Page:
Can multiple clients access a single iSCSI partition?
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Can multiple clients access a single iSCSI partition?
Hi. Just so you know, I am a complete newb; I just started working with servers and networks last week.
The problem I have been presented with is to find a way (or to assert that there is none, if indeed no way exists) for multiple clients to access a single iSCSI partition. Is there any way to do such a thing? So far I have been reading about GFS, but that is only about clustering servers. I believe--and correct me if I'm wrong--that the client side still will only allow one access at a time. Is installing a locking mechanism the only thing that needs to be done? If so, how would you go about doing that? If not, what needs to be done?
OK, so after a large amount of further reading, it seems that I can do what I said. Because we only have one server, we need to make a 1-node cluster of it using Red Hat Cluster Suite. Then, when creating the GFS file system, we need to specify lock_dlm as the locking protocol.
I have three new questions.
1) Will this actually work, i.e. will multiple clients be able to access the file system simultaneously?
2) What kind of overhead will be associated with this?
3) (related to previous question) Is there a more efficient way of implementing a solution to the original problem (multiple simultaneous client accesses to the same file system)?
When you say "access the file system" what do you mean?
Do you mean have multiple clients mount the partition? Or do you mean read/write files on the partition through some intermediary?
If the former, don't try it. No file system will handle it properly and you will corrupt data.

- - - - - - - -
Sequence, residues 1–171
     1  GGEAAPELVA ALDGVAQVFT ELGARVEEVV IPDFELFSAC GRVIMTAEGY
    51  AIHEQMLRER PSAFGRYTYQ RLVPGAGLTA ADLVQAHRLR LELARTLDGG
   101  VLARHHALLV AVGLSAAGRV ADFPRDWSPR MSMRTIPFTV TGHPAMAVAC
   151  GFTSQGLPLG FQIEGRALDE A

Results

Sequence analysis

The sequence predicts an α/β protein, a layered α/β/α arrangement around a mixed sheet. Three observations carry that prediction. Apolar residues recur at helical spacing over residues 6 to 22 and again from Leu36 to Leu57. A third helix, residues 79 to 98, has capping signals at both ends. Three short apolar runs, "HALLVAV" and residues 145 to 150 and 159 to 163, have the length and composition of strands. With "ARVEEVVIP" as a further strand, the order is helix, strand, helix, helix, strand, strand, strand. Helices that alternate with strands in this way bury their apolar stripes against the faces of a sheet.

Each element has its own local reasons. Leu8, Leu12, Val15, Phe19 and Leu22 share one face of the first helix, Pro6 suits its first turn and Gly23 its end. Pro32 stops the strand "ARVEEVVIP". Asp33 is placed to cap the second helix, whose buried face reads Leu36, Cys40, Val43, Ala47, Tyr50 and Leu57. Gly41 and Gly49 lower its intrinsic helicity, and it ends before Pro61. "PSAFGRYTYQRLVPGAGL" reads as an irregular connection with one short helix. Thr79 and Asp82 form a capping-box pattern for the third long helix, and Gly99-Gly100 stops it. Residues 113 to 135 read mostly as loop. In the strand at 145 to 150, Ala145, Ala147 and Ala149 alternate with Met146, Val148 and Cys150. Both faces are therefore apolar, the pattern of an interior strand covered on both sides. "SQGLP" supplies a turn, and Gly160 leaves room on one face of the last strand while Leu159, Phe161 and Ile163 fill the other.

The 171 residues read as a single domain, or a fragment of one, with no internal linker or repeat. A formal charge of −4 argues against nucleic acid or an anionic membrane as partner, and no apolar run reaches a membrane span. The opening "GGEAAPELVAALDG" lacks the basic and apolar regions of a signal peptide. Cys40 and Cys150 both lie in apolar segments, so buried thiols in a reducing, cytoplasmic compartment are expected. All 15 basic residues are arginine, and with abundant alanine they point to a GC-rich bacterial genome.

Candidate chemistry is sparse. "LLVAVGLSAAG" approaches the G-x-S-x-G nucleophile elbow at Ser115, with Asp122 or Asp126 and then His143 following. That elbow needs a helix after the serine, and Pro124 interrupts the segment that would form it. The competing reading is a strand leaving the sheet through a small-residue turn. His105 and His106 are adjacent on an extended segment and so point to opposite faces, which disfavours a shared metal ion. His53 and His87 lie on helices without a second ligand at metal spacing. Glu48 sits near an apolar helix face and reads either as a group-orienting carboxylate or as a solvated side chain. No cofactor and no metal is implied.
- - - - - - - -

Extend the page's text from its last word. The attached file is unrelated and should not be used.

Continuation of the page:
If the latter, then sure. In fact, this is done very very commonly. A server mounts the filesystem then shares it across a network with various client machines. All I/O passes through the server.
As for "one client at a time" vs "multiple clients" again I don't know what you mean. Multiple clients can access the same partition and even the same file at the same time. I/O is handled by the device and is reordered to maximize device efficiency. When you get down to it, the drive is only reading/writing one chunk of data at a time, so ultimately only one client at a time is accessing, but from a practical standpoint multiple clients have simultaneous access.
edit: The wikipedia definition of GFS suggests (but does not state) that GFS does permit simultaneous mounting of the FS by multiple clients. This makes the file locking mechanism rather important, and implies no local caching. I wonder if the performance of such a file system is better overall than a more conventional shared or distributed FS.
When I know which of the two I am trying to do, I'll get back to you ASAP. Until then, I'll just say that I think it's read/write files on the partition through an intermediary.
About your edit on GFS: http://www.redhat.com/magazine/018ap...s/tips_tricks/ states that "If more than one system needs to access the data on an iSCSI LUN, GFS [emphasis added], NFS, or Samba should be used to properly share the data." I took "systems" to mean "clients." Is this correct?
And what exactly does local caching mean?
Thanks for your patience, these must seem like incredibly elementary questions to you.
I am unfamiliar with GFS so won't comment definitively about it.
With respect to pretty much any other filesystem, the answer is a resounding "NO" - you can't do that.
Oh, multiple systems certainly CAN mount the same filesystem at the same time, but you are guaranteed data corruption, and very quickly. The usual procedure is to share the filesystem using NFS or SMB.
That redhat link suggests that GFS is another sharing protocol, like NFS or SMB. It does state quite clearly that multiple clients (systems) cannot simultaneously mount the same drive (LUN).
Just share the filesystem. The technology to do that is mature and fast.
The filesystem is already being shared using NFS; the thought was that GFS would make it faster. If GFS does not provide the ability to mount the filesystem on multiple clients, then what is the file locking mechanism for? (That question is only half-rhetorical.)
I guess what I need is someone who is familiar with GFS, but where/how can I find one of those?
And for my personal cultural edification, why is data corruption guaranteed in that situation? I thought that data corruption happened because when multiple systems have the same filesystem mounted, they don't know that another system may be editing a file, so all systems just assume they have exclusive read/write capability, and they write wherever they want, which almost always (but not 100% always) results in them writing to the same file at the same time and corrupting it.